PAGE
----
I find $20 reasonable if it offers ease of use and a broad catalog. The issue now is that every MAFIAA incumbent wants to launch their own streaming service for $20 instead of licensing the content for Netflix and the likes.

      I find it reasonable since I've been using Netflix heavily. I got a Family plan and I got my parents connected and my girl has been using a lot for the series it has. Sure I'm paying about $12 but I wouldn't mind if it was $20. They deserve for the service. My only issue with it is the crap DRM and the lack of a standalone desktop software.

      reply to this | link to this | view in chronology ]

      • icon
        Ninja (profile), 27 Jan 2015 @ 5:22am

        Re: Re:

        As a reminder: how much would you be spending if you had to buy the physical media for everything you watched individually?

        reply to this | link to this | view in chronology ]

        • icon
          John Fenderson (profile), 27 Jan 2015 @ 9:01am

          Re: Re: Re:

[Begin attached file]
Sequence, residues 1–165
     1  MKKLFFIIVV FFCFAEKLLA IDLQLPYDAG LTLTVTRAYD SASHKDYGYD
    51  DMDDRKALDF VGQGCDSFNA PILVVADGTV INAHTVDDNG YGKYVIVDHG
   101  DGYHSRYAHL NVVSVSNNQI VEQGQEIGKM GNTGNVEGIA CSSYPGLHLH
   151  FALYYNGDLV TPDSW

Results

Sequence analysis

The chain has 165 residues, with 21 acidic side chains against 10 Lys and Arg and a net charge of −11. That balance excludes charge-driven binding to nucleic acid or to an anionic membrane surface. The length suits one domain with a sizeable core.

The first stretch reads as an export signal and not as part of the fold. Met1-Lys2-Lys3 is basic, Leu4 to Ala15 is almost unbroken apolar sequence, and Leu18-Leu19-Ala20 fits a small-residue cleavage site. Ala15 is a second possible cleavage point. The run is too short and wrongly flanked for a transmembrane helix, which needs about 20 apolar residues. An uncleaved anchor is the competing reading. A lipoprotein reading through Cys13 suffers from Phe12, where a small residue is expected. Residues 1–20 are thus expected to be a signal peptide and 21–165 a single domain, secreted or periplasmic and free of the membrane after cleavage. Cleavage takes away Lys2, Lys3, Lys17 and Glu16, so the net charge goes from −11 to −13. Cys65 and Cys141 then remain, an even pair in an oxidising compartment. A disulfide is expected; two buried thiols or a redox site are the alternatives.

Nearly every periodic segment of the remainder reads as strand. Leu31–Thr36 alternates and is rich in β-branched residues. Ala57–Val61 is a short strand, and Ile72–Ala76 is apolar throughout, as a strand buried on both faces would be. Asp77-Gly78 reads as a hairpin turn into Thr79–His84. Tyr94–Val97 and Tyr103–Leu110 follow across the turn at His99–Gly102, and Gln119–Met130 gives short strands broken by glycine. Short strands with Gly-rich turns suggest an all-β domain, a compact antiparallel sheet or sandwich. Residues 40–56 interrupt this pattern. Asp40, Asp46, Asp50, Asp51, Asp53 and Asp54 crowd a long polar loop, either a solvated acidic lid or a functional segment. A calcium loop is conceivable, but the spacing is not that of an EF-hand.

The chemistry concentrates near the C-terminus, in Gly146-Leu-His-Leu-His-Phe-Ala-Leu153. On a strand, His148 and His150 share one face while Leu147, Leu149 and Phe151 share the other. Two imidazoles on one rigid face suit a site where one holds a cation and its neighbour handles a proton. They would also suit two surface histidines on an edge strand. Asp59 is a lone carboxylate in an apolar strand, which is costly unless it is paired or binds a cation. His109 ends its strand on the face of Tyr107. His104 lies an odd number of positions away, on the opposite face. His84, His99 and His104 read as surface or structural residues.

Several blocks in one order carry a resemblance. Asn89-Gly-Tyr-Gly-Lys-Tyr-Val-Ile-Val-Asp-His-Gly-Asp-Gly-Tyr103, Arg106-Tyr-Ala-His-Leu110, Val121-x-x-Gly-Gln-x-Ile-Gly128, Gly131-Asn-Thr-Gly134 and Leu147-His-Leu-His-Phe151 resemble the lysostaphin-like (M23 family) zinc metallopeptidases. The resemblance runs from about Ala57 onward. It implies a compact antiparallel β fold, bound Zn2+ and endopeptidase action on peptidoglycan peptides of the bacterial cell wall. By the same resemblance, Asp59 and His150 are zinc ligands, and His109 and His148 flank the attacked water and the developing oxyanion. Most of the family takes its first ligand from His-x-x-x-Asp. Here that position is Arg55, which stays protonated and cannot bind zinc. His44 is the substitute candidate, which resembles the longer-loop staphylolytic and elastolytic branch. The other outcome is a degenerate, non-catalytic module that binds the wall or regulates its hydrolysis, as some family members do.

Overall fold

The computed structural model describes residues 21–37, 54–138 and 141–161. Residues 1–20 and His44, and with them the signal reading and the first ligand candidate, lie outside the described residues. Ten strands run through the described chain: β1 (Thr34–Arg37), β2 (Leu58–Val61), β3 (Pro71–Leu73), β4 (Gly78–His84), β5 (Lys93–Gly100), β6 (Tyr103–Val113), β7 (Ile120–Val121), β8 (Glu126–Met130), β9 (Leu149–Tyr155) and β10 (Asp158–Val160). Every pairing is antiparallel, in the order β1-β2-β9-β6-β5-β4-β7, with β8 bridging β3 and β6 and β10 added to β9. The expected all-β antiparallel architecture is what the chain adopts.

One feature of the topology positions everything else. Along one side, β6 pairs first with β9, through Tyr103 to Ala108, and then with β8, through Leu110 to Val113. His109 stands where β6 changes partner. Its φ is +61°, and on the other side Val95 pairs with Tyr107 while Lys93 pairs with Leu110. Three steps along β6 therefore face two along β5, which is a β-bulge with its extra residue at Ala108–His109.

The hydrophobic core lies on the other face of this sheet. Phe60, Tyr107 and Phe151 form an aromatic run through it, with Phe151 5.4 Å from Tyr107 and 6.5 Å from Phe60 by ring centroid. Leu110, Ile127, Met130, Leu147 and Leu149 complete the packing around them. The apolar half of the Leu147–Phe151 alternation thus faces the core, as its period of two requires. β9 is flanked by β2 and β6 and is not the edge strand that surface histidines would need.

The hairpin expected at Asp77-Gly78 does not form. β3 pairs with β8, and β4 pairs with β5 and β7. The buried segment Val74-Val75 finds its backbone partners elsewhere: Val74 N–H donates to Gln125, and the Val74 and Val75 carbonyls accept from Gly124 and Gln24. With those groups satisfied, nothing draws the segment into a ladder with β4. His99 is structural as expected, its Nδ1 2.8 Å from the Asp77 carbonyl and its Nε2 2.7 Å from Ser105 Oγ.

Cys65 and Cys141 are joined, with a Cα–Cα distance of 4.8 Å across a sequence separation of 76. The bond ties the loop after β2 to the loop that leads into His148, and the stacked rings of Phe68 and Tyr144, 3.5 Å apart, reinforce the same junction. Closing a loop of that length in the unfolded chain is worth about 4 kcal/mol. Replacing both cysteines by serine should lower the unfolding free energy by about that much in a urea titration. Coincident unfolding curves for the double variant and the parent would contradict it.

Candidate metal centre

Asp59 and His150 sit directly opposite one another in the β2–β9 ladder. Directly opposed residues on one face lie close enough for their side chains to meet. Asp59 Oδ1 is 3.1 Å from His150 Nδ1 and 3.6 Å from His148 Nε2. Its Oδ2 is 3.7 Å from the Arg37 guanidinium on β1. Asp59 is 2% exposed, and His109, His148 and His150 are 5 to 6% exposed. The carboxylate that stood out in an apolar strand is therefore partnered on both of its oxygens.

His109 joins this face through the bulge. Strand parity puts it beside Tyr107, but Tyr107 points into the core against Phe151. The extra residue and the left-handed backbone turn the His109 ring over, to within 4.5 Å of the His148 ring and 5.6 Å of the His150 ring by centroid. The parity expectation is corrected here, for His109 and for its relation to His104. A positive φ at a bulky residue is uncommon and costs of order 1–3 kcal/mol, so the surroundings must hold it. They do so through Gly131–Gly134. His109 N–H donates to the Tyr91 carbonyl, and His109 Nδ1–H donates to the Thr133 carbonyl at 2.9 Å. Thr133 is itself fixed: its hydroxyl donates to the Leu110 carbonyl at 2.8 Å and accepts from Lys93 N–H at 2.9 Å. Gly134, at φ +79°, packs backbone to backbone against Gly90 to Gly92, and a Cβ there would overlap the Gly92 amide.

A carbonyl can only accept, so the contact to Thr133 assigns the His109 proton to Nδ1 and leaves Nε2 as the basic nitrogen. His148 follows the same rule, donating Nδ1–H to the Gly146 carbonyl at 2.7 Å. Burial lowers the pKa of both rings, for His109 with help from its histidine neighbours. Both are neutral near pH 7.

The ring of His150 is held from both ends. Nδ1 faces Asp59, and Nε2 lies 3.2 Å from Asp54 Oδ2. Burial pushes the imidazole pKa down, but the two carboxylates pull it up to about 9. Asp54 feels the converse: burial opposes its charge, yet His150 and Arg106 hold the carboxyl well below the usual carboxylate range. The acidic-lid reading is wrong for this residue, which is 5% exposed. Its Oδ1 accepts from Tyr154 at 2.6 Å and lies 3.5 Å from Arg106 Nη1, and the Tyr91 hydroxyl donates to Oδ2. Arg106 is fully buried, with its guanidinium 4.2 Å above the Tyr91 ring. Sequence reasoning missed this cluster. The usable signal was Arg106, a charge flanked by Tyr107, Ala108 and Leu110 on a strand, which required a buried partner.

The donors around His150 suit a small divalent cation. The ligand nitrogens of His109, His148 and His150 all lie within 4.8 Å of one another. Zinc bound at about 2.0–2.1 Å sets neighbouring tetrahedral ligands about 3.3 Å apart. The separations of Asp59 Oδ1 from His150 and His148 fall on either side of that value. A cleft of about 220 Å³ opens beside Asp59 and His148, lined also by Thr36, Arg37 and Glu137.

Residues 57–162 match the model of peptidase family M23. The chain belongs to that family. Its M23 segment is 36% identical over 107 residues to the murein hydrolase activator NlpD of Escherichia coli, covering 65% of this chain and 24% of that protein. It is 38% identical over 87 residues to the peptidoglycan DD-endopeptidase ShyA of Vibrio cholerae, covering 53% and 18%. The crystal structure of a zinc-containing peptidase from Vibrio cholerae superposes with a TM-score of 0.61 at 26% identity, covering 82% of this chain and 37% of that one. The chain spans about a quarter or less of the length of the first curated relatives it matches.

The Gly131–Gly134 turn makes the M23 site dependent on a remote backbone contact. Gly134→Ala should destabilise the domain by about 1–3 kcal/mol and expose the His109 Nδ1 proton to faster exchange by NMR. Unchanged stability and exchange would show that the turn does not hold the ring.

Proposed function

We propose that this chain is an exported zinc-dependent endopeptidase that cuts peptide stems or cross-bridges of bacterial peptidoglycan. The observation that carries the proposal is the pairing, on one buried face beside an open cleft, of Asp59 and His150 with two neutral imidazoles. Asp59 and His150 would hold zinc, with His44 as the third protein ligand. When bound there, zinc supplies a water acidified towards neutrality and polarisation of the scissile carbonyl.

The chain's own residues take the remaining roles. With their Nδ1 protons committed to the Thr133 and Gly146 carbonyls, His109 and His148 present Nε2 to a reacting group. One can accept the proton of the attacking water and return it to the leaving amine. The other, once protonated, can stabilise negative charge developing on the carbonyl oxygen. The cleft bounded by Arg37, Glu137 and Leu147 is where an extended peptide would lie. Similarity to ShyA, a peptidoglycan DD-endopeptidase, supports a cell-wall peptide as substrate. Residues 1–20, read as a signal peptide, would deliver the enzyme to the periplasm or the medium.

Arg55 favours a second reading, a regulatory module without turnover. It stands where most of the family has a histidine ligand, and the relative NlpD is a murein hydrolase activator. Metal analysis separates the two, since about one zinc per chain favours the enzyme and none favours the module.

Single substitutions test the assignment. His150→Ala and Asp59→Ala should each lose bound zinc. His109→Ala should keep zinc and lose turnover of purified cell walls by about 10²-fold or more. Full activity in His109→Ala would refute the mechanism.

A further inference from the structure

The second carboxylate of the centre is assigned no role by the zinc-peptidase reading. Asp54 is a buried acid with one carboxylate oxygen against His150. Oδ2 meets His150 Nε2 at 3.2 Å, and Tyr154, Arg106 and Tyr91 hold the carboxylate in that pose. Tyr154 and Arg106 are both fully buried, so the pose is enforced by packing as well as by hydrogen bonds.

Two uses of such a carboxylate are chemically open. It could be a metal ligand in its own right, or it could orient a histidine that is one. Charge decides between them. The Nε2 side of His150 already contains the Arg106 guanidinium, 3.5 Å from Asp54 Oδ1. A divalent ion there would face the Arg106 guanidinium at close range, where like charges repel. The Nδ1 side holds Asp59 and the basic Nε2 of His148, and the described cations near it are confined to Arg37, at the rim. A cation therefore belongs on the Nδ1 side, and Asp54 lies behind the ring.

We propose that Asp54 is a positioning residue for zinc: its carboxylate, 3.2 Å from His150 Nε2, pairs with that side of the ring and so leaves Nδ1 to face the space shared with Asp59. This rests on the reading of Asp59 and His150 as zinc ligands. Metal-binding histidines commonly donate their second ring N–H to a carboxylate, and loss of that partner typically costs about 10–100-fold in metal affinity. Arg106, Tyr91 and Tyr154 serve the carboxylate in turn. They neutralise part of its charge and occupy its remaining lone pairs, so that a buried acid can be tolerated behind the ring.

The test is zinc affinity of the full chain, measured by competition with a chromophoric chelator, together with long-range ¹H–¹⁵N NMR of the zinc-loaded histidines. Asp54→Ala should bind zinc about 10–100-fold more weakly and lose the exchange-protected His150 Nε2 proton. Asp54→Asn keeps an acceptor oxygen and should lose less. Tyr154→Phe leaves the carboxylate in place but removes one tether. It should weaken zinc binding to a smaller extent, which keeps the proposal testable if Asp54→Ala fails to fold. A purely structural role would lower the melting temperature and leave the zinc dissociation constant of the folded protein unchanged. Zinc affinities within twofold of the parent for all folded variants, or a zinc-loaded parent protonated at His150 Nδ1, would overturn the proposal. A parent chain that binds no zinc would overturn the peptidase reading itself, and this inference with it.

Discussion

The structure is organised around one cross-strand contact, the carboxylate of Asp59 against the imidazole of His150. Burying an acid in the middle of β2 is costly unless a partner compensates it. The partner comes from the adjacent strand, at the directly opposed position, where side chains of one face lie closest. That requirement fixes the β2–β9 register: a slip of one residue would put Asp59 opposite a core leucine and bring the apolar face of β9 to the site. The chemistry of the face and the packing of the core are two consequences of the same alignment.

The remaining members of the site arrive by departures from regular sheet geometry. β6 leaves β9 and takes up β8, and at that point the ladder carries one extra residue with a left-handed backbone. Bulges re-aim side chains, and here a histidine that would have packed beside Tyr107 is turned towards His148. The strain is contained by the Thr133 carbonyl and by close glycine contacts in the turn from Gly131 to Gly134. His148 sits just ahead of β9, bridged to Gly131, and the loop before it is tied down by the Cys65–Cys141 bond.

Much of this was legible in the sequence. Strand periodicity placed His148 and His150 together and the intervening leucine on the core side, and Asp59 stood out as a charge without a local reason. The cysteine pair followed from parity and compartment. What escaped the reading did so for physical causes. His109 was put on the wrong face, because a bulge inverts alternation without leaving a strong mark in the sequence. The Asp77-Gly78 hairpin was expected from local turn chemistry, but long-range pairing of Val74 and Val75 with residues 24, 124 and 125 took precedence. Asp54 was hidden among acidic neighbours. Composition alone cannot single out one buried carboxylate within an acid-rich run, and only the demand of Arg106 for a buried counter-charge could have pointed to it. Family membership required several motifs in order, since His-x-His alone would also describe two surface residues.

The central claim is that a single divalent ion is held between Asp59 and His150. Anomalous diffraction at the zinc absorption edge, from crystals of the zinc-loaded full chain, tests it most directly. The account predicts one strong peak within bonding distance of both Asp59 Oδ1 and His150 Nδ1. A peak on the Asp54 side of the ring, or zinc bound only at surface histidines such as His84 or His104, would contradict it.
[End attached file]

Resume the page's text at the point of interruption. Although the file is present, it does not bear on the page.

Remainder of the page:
I think a more appropriate comparison would be with the cost of video rental (since that's effectively what things like Netflix are). Taking into account the benefits and drawbacks of old-school rentals vs Netflix and looking at the prices for each, I think that Netflix is priced comparably.

          reply to this | link to this | view in chronology ]

    • icon
      Chronno S. Trigger (profile), 27 Jan 2015 @ 5:24am

      Re:

      It would appear that whatever is available is reasonable to most people in Norway.

      Also, I don't know if it's available in other countries, but Google Music is $10/m. Is that reasonable to you?

      reply to this | link to this | view in chronology ]

  • identicon
    Anonymous Coward, 27 Jan 2015 @ 3:42am

    The MAFIAA said it couldn't be done. At least not without suing single mothers for millions of dollars.

    reply to this | link to this | view in chronology ]

  • identicon
    Anonymous Coward, 27 Jan 2015 @ 4:45am